Morphology is a level of structure between the phonological and the syntactic. It is complementary to syntax. Morphology is the grammar of words; syntax is the grammar of sentences. One accounts for the internal structure or form of words; the other describes how these words are put together in sentences. The English word ‘unkind’ is made up of two smaller units: ‘un’ and ‘kind’. These are minimal units that cannot be further sub-divided into meaningful units. Such minimal, meaningful units of grammatical description are generally referred to as morphemes. A morpheme is an minimal indivisible unit in morphology. The word ‘unlikely’ has three morphemes while the word ‘carpet’ is a single morpheme. Thus, a systematic study of morphemes or how morphemes join to form words is known as morphology. According to Hockett:
Morphology is the study of morphemes, which are the smallest significant units of grammar. According to Bloomfield, it is the study of the constructions in which sound forms appear among the constituents. Dorfman defines morphology as the study of the ways and methods of grouping sounds into sound-complexes or words.
“Morphemes are the smallest individually meaningful elements in the utterance of a language”
The concept of morpheme is central to morphology. There are two types of morphemes: Bound and Free. Thus a work like ‘unfaithful’ has ‘un’ and ‘ful’ as bound morphemes because they cannot express their meanings individual while ‘faith’ is a free morpheme because it can do the otherwise. Morpheme also has The concept of ‘morph’ which recognises that a morpheme has a phonetic shape. This phonetic representation is called its morph. The word writer has two morphemes, write and -er. These are realizable in the phonetic shapes as /rait/ and/-∂:/. These are two morphs of the morpheme (or word in this case). Closely allied is the concept of Allomorph. We have noted that it sometimes manifests itself in various phonetic shapes or forms. The plural morpheme can be realized as /-s/ or /-z/ or /-iz/ and so on. Similarly, the past tense morpheme can appear as /-d/, /-t/, /-id/, and /-q/. Each of these morphs belongs to the same morpheme. These are called allomorphs. A confusion arises as to whether a segment is a word or a morpheme or morph. So Hackett answers the question:
“A word is thus any segment of a sentence bounded by successive points at which pausing is possible.”
A division is traditionally made of morphology into two branches, viz. (i) Inflectional, and (ii) Derivational. In the former, we are concerned with the variations or inflections that occur in words so as to show grammatical contrasts in sentences, such as are found in singular/ plural numbers or present/past tenses. For example, ‘apple’ and ‘apples’ are two forms of the same word, but they differ in respect of number. Similarly, ‘live’ and ‘lived’ are two forms of the same word, but they differ in respect of tense. The study of this difference between the two words in each pair belongs to the field of grammar, and is thus a concern of’inflectional morphology’. In ‘derivational morphology’, we study the principles governing the construction of new words, without reference to the specific grammatical role a word might play in a sentence. Words like ‘enjoyable’ from ‘enjoy’, ‘agreeable’ from ‘agree’ or ‘dislodge, from ‘lodge’ are formed with their own grammatical properties. The study of the formation of words such as these belongs to the field of derivational morphology’. In Inflections, class usually remains the same as in: go-goes—going but in Derivations, class changes as in: play-playful-playfullness. For Hockett:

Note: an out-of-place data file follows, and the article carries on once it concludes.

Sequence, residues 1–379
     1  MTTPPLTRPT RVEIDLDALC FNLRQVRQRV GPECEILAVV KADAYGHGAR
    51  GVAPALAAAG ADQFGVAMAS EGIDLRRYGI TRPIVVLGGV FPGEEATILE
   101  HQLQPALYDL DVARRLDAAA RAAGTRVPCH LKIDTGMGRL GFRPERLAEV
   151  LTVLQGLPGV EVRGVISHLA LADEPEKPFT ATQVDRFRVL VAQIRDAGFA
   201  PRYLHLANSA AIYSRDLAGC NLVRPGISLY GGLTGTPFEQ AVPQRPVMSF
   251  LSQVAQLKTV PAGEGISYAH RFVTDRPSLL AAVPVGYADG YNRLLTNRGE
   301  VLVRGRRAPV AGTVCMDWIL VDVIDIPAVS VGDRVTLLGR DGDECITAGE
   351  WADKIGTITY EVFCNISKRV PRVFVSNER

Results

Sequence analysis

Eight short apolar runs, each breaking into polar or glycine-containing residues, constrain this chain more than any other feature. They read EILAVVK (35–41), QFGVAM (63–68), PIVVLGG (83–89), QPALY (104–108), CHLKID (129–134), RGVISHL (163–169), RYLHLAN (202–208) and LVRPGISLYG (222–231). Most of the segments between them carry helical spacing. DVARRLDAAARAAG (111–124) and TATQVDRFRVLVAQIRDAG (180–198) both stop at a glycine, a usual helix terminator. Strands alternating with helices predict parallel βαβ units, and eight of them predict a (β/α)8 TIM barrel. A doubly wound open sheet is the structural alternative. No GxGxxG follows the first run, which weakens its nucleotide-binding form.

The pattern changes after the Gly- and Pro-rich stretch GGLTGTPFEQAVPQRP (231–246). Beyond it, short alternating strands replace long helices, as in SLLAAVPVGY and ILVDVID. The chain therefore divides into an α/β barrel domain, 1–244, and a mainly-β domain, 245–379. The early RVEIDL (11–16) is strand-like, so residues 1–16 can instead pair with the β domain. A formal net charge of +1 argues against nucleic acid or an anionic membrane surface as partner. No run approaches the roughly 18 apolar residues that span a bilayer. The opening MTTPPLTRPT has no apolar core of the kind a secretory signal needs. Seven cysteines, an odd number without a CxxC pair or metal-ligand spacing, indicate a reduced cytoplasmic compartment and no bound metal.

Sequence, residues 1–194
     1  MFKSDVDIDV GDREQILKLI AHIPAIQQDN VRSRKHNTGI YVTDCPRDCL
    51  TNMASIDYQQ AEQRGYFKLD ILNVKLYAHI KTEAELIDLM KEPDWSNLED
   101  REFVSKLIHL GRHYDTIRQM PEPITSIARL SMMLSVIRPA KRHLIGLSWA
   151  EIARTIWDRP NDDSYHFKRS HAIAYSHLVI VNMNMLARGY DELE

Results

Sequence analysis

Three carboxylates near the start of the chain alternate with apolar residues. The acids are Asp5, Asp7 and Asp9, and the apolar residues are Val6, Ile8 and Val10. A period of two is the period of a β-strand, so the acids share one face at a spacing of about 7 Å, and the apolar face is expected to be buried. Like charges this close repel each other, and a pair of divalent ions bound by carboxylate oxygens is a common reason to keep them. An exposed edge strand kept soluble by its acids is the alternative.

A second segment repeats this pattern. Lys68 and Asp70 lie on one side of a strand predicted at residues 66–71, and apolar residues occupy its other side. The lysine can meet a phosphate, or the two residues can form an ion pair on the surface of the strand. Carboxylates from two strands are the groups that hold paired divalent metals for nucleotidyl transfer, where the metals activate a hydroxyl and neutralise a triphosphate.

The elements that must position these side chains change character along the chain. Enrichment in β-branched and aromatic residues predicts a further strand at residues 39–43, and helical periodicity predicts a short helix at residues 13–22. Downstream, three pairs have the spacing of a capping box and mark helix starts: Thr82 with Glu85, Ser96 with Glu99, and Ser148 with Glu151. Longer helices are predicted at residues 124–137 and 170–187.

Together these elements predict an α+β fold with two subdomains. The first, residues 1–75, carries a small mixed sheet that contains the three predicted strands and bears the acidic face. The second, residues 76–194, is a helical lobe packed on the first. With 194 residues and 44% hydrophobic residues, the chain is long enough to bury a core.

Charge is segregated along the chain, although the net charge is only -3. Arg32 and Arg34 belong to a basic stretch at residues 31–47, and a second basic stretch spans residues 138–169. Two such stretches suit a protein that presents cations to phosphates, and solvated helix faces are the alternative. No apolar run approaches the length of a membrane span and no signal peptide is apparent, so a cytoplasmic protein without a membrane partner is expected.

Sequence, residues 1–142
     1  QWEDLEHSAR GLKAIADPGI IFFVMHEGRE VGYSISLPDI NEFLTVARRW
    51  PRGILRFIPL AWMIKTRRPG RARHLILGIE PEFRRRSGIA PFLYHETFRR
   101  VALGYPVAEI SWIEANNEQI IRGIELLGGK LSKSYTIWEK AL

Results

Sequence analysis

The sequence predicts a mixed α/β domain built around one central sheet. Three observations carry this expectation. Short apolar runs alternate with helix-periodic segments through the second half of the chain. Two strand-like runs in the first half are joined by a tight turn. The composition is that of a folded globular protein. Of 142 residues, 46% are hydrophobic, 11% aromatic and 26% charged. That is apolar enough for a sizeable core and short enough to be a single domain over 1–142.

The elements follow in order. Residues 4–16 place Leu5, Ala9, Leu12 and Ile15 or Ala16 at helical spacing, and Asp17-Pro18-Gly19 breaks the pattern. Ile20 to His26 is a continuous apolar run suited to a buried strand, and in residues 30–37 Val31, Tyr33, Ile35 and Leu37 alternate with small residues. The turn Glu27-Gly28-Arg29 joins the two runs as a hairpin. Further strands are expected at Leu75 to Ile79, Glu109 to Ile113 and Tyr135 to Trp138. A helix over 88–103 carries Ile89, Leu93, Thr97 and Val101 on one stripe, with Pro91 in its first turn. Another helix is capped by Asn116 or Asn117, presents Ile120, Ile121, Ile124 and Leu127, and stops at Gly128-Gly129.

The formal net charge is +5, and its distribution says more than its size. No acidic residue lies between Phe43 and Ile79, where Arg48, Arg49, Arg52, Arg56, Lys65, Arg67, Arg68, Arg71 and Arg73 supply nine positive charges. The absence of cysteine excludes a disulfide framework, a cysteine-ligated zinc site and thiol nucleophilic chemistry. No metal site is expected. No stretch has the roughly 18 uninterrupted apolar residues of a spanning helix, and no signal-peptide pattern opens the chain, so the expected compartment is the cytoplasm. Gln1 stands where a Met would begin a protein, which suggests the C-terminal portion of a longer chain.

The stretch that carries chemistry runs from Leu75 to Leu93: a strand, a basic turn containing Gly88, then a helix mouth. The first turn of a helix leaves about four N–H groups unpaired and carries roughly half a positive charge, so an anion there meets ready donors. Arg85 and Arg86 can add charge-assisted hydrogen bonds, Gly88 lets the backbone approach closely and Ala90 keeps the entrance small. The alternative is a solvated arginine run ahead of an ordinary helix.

“Inflection is that part of morphology which involves inflectional affixes. The remainder of morphology is derivation”
Morphology operates on affixes which are the core of inflectional and derivational morphology. Affixes can be of three kinds: Prefixes are affixes that are added initially to a root, or that precede it; Infixes are affixes added within a root; and Suffixes are affixes that follow the stem or the root. When a suffix so occurs in a word as not to allow any other suffix to follow it, it is called an inflectional suffix, as when we add the suffix “ness’ to the root ‘kind’, we get the word ‘kindness’ which cannot take on another suffix. But when a suffix can be followed by some other suffix (s), it is called a derivational suffix. For example, the suffix My’, added to the root ‘kind’, may be followed by another suffix “ness’, and we have the word ‘kindliness’ (kind+li+ness) which contains a derivational suffix Mi’ followed by another suffix ‘ness’. Prefixes may also be both ‘inflectional’ and ‘derivational’. For example, the prefix ‘dis’ in ‘discount’ cannot take on another prefix, and is thus ‘inflectional’. But the prefix ‘pre’ in ‘pre-meditated’ can take on another prefix ‘un’ so as to form the word ‘unpremeditated’, and thus it is ‘derivational’. They help in forming a new word.